A recent study of participation in all forms of tackle football in United States high schools showed dramatic growth in the decade to 2008, a peak in 2009 and a decline thereafter. Since 2014, high school football is reported to have lost more than 45,000 participants. In the last year alone, the Washington Post reports high school player numbers have fallen by over 20,000.
The study also considered participation as a proportion of eligible players of high school age, with the data suggesting football peaked in 2013, with a notable decline since then. According to the US Sports & Fitness Industry Association, pre-high school participation dropped by 30% between 2008 and 2013. The author of the US study suggests that increasing awareness of health-risks associated with the game are a primary cause of falling participation.
The Washington Post reported that 20 US schools nationwide in 2017 dropped football completely as a sporting option. Touchline wonders if the same thing is occurring with Rugby Union in New Zealand secondary schools?
According to New Zealand Rugby data, the total number of teenagers at secondary school playing the game has fallen by over 1,000 in the past 12 months alone, with a significant drop of 4.8% (over 1,700 players) in terms of teenage boys, a decline representing nearly 80 fewer secondary school boys’ teams.
The year following the 2011 Rugby World Cup saw 43,315 teenage players register to play the game, up 0.5% from the prior year. By 2016, that had fallen slightly to 42,275. The following year, 41,381 were registered, while last year (despite the actual figure not being publicly disclosed), the estimated number (based on the percentage figure provided above), has fallen to around 39,000.
In summary, since the 2011 Rugby World Cup (the “peak” for teenage participation?), in New Zealand the number of teenagers playing rugby has decreased by nearly 4,000 (or around 180 fewer secondary school teams). As in the United States, the decline appears to have accelerated in the past two years.
There are three fundamental questions which arise.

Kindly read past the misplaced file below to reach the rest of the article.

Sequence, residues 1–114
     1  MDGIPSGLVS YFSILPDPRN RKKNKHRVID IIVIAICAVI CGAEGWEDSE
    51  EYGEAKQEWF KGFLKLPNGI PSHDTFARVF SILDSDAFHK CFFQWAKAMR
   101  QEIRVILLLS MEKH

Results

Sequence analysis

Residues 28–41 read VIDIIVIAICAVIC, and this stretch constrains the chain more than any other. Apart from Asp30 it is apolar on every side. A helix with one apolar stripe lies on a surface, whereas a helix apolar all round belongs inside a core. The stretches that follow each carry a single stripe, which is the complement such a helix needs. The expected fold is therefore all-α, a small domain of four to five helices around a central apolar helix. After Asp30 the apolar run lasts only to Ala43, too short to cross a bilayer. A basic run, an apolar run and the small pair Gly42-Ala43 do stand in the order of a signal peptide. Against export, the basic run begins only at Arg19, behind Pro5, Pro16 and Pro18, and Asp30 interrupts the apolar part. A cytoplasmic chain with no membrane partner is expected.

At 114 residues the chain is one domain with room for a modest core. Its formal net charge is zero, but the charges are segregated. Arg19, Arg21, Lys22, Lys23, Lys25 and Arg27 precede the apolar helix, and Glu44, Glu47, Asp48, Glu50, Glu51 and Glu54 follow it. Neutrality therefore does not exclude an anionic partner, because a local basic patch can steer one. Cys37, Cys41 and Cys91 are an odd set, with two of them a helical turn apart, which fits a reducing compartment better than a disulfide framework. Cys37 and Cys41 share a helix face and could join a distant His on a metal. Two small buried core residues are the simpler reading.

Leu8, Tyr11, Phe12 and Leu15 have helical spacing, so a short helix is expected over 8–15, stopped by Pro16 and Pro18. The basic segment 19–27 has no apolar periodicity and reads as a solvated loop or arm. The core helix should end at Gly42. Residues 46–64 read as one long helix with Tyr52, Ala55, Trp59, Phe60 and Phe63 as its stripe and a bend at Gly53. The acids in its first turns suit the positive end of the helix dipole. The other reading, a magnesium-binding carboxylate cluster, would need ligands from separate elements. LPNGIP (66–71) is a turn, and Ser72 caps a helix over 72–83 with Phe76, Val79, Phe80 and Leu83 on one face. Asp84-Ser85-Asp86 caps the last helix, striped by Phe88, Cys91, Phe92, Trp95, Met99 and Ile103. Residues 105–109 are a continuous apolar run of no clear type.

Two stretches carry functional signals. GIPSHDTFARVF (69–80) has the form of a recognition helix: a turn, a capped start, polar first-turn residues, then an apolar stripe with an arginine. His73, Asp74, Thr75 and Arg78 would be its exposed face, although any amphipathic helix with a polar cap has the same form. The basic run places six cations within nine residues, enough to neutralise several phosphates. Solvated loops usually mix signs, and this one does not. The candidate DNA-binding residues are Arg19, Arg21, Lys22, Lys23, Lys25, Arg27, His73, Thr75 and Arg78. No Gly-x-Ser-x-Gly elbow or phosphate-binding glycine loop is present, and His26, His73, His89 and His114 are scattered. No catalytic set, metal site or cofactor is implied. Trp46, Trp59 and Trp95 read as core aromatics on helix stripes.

Is it possible that the current year-on-year trend will be reversed, with participation numbers growing back to levels seen at their recent peaks? If not, can the decline be arrested (participation numbers stabilised) through the implementation of new strategies to improve the appeal of the game? And, bearing the preceding questions in mind, what is the ambient level of teenage participation (relative to the pool of eligible participants) likely to be in the future? The new governance structure being proposed for secondary school rugby will no doubt address these (and other) questions.
Noting the cause of the participation decline in the United States, Touchline’s opinion is that the exposure of youth to accelerated programmes beyond their physical, emotional and mental developmental stages, is harming both secondary school and club rugby. It is harming secondary school participation by over-exposing teenagers to elite development programmes at a cost to their educational development and centralising the limited sporting resources of schools on that goal. It is harming club rugby by fast-tracking teenagers into adult senior community teams without establishing social connections to the communities that the clubs represent.
So what is to be done?
Let’s start with the “Top 4”. Firstly, sports governing bodies must acknowledge and overcome their obsession with success being measured by awards on the global stage. Not all sporting pathways must lead to Olympic medals or World Cups. Secondly, sports governing bodies (and New Zealand’s educational authorities) must agree and establish policies for promoting sport as careers for teenagers. In the same way that academically talented students are not fast-tracked into universities based on their profiling as 15 year olds, talented rugby players should not be promoted into development programmes beyond their physical and emotional capability. Thirdly, more needs to be done to take the professional “big-hits” aspect of professional rugby union out of secondary schools. The “smashed-em-bro” culture is probably the single biggest deterrent to participation for players and parents, (who are the primary influencers of secondary school sport choices for their children). Finally, let’s educate teenagers about the benefits of being part of sport in the community and the mental (as well as physical) well-being it can create. It must be time to bring local clubs closer to schools to build the social relationships essential for Rugby Union’s future survival.
(*100 years ago, “Touchline”, a sports correspondent for the New Zealand Freelance newspaper wrote on the future of sport in schools. Touchline wrote, “if the lads and lassies in our schools are taught that their physical development is just as necessary as their excelling in education, it cannot but result in good for the nation in the years to come”. The youngsters should be … as proficient in as their powers, properly developed and taught, will allow them to be.”)